No matter how diligently you vet a prospective resident, there are going to be times when your facility gets stuck with a resident, or a resident’s family, who doesn’t pay the bill. Most Assisted Living Facilities (ALFs) think that the only recourse is to initiate eviction proceedings. Before COVID, your typical eviction proceeding would drag on for the better part of a year, if not longer. Right now, the New York State moratorium on residential and commercial evictions remains in effect until at least January 15, 2023. Considering the incredible backlog of cases coupled with the anticipated tidal wave of new filings once the moratorium ends, that eviction case that would have normally dragged on for 12 months will now likely take 24 months or more to conclude. And let’s face it, initiating an eviction against your resident is unseemly and could very well be spun against the ALF, creating a public relations nightmare.
Article 81 of the New York Mental Hygiene Law provides that the appointment of a Guardian of the Person and/or Property is warranted if by clear and convincing evidence it is established that a person is likely to suffer harm because he or she is unable to provide for their personal needs and/or property management. Certainly, a resident of an assisted living facility who is in danger of being forcibly evicted and therefore potentially deprived of the room, board and assistance their condition requires qualifies as someone that is likely to suffer harm in the near future. Especially if it is determined that your resident lacks the ability to arrange for their own safe discharge. If a Guardian of the Person is appointed for your resident, the Guardian will have the legal authority to change the resident’s place of abode (perhaps transferring them to an ALP facility or a SNF). A Guardian of the Property, often times the same person or entity as the Guardian of the Person, will have the ability to arrange for payment of the resident’s new place of abode or, in the alternative, if applicable, marshal the resident’s assets and income and redirect those assets toward payment of the back balance and ongoing monthly charges at your community. Keep in mind that an Article 81 Guardianship proceeding, like any civil action, can be settled. So, if the resident and/or the resident’s family voluntarily agrees to leave your community or satisfactory payment arrangements are agreed to, the need for a Guardianship can be resolved, and thus the resident is no longer likely to suffer harm and the Petition for Guardianship can be withdrawn. The best part is, because an Article 81 proceeding is by definition a summary proceeding, the issue of the resident’s continued stay or departure from your ALF will be resolved in a few short weeks versus years. Plus, should it be determined that the resident can no longer afford to reside in your community, you can rest assured that he or she will be discharged to someplace safe under the watchful eye of the Guardianship Courts and not at the hands of uncaring, financially motivated family.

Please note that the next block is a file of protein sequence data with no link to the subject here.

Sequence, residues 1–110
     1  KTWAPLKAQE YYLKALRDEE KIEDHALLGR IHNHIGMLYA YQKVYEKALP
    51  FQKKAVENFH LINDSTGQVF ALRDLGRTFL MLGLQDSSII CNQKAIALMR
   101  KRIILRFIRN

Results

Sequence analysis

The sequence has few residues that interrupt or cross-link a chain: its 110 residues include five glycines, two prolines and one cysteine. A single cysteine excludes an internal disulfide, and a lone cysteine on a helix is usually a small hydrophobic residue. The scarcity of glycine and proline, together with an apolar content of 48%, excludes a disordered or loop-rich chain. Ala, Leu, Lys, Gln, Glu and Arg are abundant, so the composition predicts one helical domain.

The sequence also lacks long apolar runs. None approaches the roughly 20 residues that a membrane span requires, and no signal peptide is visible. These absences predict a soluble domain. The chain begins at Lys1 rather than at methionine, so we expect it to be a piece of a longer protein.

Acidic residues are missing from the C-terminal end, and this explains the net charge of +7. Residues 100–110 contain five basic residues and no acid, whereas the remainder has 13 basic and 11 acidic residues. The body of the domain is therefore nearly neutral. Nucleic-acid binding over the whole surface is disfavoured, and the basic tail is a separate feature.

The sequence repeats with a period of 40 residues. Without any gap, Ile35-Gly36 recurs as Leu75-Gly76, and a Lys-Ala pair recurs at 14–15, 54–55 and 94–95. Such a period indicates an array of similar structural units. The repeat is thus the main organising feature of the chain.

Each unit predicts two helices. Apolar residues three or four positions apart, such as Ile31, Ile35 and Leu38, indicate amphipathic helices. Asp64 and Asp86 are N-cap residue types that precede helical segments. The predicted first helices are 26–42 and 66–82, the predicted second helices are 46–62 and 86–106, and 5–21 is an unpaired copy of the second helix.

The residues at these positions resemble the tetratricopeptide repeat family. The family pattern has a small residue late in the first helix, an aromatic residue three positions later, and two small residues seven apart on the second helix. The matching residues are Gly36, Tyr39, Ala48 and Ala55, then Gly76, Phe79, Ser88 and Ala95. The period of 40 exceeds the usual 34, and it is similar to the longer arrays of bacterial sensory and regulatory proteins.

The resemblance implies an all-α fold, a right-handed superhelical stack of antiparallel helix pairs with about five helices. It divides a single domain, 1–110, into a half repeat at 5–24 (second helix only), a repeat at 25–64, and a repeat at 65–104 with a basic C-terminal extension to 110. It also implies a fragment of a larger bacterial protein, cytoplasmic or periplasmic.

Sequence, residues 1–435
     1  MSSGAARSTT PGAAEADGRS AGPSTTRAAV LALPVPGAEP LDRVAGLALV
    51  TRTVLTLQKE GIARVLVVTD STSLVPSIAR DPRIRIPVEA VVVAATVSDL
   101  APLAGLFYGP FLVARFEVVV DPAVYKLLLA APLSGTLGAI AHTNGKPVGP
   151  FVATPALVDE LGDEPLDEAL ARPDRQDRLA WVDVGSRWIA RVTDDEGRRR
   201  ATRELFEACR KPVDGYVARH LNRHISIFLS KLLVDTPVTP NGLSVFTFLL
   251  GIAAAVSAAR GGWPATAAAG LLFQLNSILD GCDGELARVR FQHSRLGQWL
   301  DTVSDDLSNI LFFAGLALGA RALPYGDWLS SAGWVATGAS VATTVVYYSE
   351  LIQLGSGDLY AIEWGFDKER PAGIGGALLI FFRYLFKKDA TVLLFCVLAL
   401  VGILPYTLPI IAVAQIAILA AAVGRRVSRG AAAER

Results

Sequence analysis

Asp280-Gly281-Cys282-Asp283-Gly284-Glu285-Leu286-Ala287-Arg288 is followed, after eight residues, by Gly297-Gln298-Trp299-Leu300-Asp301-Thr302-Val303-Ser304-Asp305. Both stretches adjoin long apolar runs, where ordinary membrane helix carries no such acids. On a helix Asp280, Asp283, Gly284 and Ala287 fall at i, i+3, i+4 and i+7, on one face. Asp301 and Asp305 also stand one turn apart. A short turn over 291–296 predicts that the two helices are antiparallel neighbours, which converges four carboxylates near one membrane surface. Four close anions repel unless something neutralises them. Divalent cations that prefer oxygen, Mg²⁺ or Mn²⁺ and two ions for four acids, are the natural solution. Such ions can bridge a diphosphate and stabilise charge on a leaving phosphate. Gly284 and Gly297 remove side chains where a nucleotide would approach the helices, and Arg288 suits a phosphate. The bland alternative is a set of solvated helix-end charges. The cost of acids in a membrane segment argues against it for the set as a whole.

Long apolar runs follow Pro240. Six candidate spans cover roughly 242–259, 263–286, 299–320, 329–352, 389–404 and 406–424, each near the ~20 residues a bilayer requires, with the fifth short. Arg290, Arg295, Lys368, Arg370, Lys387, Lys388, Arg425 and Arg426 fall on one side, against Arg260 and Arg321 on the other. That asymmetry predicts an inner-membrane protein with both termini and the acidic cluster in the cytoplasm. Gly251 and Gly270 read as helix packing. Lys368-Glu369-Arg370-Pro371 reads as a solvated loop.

Use the right tool for the job. Don’t waste thousands of dollars on legal fees pursing an eviction for years, while simultaneously suffering through a monthly financial bleed, when you can expedite a safe and effective resolution through the Guardianship Courts.
Cona Elder Law has secured countless favorable resolutions for its ALF clients using the foregoing strategy. Please reach out to Ken Kern, Esq. should you require specialized assistance.
Ken Kern is a member of Cona Elder Law. Mr. Kern leads the firm’s Health Care Reimbursement and Recovery Department, concentrating his practice in health care facility representation, civil litigation, complex Medicaid eligibility matters, Fair Hearings, Article 78 proceedings, guardianships and resolution of all issues related to resident financial accounts and health care facilities’ bottom line. Mr. Kern handles a wide range of complex matters affecting not only health care facilities but older adults and the disabled as well. He can be reached at 631.390.5000 or visit conaelderlaw.com.
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